A retractable utility knife comes in handy so often, I think it's reasonable to have more than one. Sometimes, you need to be able to cut something without worrying about damaging or dulling a nice knife blade. Being able to retract the blade does a lot to increase safety. Our standard is to always retract it before putting it down, even if it's "just for a second". That's easy to do since it's got a mechanism that locks the blade into three positions, and has a positive feel even when wearing gloves.
- Rubberized upper grip and thumb rest reduce the chance of slipping.
- Blades stored in the handle.
- No tools required to change blade.
- Integrated string cutter.
A staple gun is generally useful to have if you own a home, but also good for projects and repair jobs. This one is designed really well; if you've used a "normal" staple gun and try this, you'll see why the PowerShot makes sense.
- "Forward Action® " system applies & maximizes force in the place you're trying to put the staple.
- Staples remaining window.
- Easy to load staples.
- Rubber non-slip handle.
When we bought our first house, a friend who knows his tools told me to "just get a pair" of these because I'd need them, and he was right! They seem to be able to do almost anything, and really came in handy when changing a rusted toilet handle.
- Wide, adjustable jaw.
- Enable you to exert a lot of force.
I've loved flashlights since I was a kid, and have been eyeing this one for several months; after all, it doubles as a work-utility light! It was actually my wife that prompted this purchase though; I didn't know it, but she'd been coveting it too! It has some really good features, and a very high cool factor. Check out the TV commercial!
- Tripod and movable head provide hands-free light right where you need it.
- Can run on 3, 6, or 9 batteries, which are housed inside the tripod legs. Provides the same illumination/brightness regardless of how many batteries, but the more you add, the longer it lasts (200+ hours on 9 batteries).
- Three levels of brightness.
- Low-battery indicator - Lets you know batteries are low before you pack it for a trip!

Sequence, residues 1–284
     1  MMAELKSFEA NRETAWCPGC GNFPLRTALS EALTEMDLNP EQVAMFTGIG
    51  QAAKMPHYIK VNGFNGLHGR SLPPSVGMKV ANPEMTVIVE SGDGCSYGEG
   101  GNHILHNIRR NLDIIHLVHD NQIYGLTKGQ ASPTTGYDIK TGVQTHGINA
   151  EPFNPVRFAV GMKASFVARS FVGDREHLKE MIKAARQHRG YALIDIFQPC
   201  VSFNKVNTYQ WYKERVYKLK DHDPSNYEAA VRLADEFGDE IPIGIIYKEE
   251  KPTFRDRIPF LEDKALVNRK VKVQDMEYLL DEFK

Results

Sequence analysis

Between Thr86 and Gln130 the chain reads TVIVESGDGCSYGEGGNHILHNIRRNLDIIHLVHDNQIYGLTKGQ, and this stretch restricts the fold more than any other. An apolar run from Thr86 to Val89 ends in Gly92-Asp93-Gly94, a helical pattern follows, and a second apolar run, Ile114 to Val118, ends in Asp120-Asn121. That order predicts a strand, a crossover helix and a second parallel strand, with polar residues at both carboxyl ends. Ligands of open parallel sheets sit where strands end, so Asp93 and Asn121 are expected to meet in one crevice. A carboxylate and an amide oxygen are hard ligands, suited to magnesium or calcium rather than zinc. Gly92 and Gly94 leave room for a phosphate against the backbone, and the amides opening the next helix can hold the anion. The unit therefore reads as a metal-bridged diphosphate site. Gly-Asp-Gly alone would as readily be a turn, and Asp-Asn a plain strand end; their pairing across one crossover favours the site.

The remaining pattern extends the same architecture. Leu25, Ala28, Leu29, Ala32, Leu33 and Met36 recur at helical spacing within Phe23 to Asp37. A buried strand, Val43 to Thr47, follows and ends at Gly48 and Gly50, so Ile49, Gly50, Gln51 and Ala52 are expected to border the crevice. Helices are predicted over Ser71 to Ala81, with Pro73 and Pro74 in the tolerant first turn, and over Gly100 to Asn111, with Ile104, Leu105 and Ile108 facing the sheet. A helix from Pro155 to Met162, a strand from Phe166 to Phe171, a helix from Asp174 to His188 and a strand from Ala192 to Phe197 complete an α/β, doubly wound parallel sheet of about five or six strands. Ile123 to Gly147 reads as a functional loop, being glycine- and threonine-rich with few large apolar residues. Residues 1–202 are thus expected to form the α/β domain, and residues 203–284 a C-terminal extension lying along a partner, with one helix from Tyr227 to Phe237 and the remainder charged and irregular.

We had one of those cheap, combination screwdriver/voltage testers, and if you have one, I recommend you throw it away now and go get one of these non-contact ones that has no exposed metal. This tester isn't cheap (nor is it expensive), but this is one case in which you really get what you pay for, and when you're dealing with electricity, safety is especially important.
I went to go buy the Fluke VoltAlert that was recommended on Cool Tools, but the salesman practically laughed me out of the store. They didn't carry the Fluke, but even if they did, I don't think he would have let me buy it; I was half expecting him to accompany me to the register to make sure I got this one! He said it's much higher quality and more durable. I'm not an electrician, and he claimed to work as one, so I figured with such a strong opinion, I'd take his word for it. After all, how many people are emphatic about voltage testers?
- All plastic; no exposed metal.
- No contact required for detection.
- Bright red, visible and audible alert when voltage is detected; no wondering if you saw the dim light on the cheap models.
- On/off switch to preserve battery.
- Batteries are included!
A must for hanging pictures (or anything else) on the wall, mounting towel racks, etc.
Detects wood or metal studs.
- Normal mode: scans 3/4 inches deep with 1/8 inch accuracy.
- Deep Scan mode: scans 1-1/2 inches deep with 3/16 inch accuracy using the dual scan and mark procedure.
- Visual and audible alert.
- Projects a beam of light on the surface when it detects a stud.
- Incremental detection, so you know when you're close.
- Belt/pocket clip; easy to put aside while marking wall or using other tools.